Green's Theorem
and the Planimeter
Part 5: A Mathematical Model for the Planimeter
Next you will analyze the planimeter
using Green's Theorem from Part 2, which linked line integrals and iterated integrals
over regions of the plane.
To create a mathematical model of
the planimeter, you need to describe how the wheel on the moving end of the
planimeter turns. This is because all the planimeter records is the number of
rotations that the wheel has completed. One way to represent this is to define
a vector field in which the vector located at a point gives the direction that the wheel is rolling in when the planimeter
passes over the point . We show part of this vector field in the following figure.
The applet below shows the planimeter
and the part of the vector field that is nearest the spinning wheel of the planimeter.
- Your worksheet gives the commands
to generate graphical representations of several different vector fields.
Which of these vector fields would be the most suitable for describing the
planimeter?
- Call the vector field that you
have selected
. Since points in the direction that the wheel of the planimeter
is moving, gives a scalar multiple of the velocity vector of the planimeter's
wheel. In terms of the planimeter, what interpretation would you assign to
the line integral
where C is the path traced
out by the planimeter?
- How could you express the quantity
represented by the integral
using an iterated integral rather
than a line integral?
- Consider the vectors shown in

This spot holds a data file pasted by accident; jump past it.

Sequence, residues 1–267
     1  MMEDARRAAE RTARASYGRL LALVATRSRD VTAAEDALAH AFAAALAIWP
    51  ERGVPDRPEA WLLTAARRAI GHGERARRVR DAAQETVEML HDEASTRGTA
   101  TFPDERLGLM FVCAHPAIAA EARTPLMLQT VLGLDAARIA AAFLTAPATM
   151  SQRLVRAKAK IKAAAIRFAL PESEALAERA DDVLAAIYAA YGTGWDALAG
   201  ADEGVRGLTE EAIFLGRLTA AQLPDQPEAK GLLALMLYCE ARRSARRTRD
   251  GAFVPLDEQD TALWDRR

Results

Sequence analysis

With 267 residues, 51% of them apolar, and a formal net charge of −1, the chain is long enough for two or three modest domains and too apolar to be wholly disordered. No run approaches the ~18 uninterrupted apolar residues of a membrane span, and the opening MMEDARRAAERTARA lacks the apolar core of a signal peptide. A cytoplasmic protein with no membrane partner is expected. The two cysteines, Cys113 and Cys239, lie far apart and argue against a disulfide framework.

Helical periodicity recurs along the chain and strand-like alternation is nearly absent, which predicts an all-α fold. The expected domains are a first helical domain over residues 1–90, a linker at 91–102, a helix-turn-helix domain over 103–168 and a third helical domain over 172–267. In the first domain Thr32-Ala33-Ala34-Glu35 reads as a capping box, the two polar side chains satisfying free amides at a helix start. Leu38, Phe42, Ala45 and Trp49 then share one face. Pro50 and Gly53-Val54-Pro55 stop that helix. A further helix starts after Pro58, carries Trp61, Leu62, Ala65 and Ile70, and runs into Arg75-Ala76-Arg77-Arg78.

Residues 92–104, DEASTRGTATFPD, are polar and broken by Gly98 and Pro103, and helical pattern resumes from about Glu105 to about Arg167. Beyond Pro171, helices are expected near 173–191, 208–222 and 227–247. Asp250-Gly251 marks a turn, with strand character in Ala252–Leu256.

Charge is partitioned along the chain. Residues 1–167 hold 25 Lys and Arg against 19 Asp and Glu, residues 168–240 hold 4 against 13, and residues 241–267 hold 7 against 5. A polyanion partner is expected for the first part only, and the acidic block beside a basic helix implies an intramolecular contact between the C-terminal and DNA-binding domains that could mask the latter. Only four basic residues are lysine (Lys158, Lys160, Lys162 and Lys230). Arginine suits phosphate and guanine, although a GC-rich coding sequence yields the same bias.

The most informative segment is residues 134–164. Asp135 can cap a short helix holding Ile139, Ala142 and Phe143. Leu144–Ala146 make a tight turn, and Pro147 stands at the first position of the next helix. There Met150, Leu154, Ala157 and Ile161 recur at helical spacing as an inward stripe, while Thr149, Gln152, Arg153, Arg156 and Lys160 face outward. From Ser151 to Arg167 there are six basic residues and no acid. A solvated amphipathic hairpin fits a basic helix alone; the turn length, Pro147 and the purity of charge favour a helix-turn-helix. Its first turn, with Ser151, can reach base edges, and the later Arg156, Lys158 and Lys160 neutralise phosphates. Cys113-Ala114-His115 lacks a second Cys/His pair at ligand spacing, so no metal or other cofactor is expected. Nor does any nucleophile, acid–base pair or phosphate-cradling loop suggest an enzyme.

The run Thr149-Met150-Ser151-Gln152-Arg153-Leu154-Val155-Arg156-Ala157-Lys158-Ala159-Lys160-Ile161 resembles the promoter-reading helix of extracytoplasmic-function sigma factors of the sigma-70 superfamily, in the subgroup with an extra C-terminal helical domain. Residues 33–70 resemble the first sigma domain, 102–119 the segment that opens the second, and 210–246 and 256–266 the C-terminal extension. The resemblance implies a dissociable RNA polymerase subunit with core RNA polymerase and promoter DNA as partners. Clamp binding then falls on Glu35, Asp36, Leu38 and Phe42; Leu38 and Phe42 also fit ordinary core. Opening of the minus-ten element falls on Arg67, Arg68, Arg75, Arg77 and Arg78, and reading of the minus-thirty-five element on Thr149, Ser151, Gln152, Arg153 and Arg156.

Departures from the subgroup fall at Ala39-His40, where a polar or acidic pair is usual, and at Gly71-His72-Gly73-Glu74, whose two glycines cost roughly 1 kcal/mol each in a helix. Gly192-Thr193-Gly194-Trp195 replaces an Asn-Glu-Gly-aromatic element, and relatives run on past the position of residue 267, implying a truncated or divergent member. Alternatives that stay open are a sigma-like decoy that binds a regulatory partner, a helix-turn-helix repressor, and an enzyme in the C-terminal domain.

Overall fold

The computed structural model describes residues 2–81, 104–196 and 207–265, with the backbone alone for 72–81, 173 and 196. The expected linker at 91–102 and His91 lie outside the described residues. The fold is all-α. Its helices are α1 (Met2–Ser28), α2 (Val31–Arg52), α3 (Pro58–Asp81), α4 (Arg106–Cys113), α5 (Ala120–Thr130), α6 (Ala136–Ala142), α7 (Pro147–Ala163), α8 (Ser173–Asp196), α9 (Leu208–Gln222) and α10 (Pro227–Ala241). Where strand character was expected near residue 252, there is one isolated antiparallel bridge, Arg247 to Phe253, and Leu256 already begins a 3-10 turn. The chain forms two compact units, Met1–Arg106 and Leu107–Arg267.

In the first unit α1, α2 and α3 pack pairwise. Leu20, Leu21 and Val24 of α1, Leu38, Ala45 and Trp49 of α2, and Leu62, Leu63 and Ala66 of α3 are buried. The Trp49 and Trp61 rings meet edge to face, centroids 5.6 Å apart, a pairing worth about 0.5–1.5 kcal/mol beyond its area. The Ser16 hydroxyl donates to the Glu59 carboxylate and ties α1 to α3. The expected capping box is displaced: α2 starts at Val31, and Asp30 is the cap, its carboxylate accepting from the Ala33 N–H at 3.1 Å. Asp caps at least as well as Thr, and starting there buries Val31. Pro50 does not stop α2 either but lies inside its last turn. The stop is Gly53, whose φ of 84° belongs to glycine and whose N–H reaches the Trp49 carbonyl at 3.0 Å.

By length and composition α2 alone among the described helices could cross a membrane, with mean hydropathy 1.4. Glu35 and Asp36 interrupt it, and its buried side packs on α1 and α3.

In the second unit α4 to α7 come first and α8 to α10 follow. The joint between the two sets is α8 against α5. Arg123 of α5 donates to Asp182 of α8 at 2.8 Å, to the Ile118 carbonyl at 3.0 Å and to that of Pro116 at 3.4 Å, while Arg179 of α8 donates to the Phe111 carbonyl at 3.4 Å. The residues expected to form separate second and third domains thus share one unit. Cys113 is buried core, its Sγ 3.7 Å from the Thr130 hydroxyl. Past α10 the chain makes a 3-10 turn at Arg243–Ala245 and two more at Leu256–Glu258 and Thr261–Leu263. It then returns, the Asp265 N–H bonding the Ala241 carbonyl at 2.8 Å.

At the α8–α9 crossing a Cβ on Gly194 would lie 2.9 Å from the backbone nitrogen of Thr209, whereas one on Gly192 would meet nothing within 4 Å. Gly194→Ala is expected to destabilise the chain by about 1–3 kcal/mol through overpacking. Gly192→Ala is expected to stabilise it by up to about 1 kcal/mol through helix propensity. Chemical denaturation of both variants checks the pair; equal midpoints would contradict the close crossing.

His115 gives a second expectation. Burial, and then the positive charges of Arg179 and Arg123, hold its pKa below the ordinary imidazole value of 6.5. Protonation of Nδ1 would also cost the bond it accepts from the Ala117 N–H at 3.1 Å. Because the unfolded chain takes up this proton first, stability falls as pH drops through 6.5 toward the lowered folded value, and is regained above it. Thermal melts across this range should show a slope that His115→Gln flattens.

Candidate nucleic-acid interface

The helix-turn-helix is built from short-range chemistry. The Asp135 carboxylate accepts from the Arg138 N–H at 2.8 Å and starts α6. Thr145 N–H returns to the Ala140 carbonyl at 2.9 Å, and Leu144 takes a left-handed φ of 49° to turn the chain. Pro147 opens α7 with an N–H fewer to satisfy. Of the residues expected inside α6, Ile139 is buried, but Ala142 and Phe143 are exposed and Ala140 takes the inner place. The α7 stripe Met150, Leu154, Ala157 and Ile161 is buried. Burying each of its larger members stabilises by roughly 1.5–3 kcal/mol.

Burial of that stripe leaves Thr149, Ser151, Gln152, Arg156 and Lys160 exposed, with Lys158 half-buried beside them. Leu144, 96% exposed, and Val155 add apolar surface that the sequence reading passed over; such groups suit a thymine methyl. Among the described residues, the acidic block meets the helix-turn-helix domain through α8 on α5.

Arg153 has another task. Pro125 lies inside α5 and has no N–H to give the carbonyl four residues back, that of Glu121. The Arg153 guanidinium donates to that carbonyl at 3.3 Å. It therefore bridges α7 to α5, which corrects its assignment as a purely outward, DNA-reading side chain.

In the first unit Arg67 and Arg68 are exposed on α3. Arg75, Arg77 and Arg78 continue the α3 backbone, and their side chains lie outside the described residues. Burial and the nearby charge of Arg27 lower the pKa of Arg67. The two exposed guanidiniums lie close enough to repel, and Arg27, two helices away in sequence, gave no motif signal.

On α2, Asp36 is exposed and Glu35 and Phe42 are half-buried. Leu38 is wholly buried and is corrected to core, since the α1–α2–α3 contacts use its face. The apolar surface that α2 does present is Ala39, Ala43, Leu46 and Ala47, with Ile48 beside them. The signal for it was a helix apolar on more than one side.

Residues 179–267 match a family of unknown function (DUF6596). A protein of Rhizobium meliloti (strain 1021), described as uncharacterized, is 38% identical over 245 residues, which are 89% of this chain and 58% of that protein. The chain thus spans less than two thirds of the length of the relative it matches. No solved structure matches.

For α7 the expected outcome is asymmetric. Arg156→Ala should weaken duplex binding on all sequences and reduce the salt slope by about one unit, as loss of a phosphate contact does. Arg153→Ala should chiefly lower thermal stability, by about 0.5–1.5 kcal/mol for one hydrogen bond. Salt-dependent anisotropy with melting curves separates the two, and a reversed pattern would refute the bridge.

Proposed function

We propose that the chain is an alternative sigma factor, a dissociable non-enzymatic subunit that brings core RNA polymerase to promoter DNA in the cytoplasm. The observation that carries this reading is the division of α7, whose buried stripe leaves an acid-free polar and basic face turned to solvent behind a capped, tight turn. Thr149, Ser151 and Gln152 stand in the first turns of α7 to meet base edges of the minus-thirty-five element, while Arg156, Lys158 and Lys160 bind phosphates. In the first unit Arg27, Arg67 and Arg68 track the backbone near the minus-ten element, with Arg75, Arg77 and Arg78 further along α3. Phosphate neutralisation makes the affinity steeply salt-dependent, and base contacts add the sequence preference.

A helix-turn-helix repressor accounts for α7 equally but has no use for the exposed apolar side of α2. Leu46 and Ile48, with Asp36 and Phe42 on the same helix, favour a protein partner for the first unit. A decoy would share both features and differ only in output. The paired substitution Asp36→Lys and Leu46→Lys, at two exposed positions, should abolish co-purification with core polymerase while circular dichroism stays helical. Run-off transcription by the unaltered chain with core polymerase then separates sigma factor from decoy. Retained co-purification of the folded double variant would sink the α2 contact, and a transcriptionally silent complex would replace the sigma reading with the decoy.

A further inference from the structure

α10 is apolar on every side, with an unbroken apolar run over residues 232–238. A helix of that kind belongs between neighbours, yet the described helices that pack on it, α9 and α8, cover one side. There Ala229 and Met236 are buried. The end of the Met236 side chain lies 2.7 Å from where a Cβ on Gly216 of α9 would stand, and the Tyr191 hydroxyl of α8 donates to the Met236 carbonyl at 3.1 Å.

the diagram below. Explain why the vector field that describes the planimeter would be expected to be a
scalar multiple of
The point -- the location of the elbow of the planimeter -- can be expressed
in terms of . You will find a command in your worksheet to solve for and
in terms of and . The method is to realize that if the two "arms" of the planimeter
are the same length (say length 1), then the distance formula gives
- Use your computer algebra system
to solve for and in terms of and . Use these results to find a symbolic representation for the planimeter
vector field,
. How can you check to make sure that the vector
field you have defined is the right vector field for describing the planimeter?
- Consider the quantity that you
plan to integrate in the iterated integral that you found to be equal to the
line integral
. Use your computer algebra system to evaluate and simplify
that expression as much as you possibly can.
- Suppose that the planimeter was
traced around a region D of the plane. What property of the region
D would your iterated integral be equal or closely related to?
- Look back at the conversion formula
that you made for the planimeter applet in the previous part of the module.
How can you account for the algebraic structure of your conversion formula
in terms of the mathematics that you have just worked out?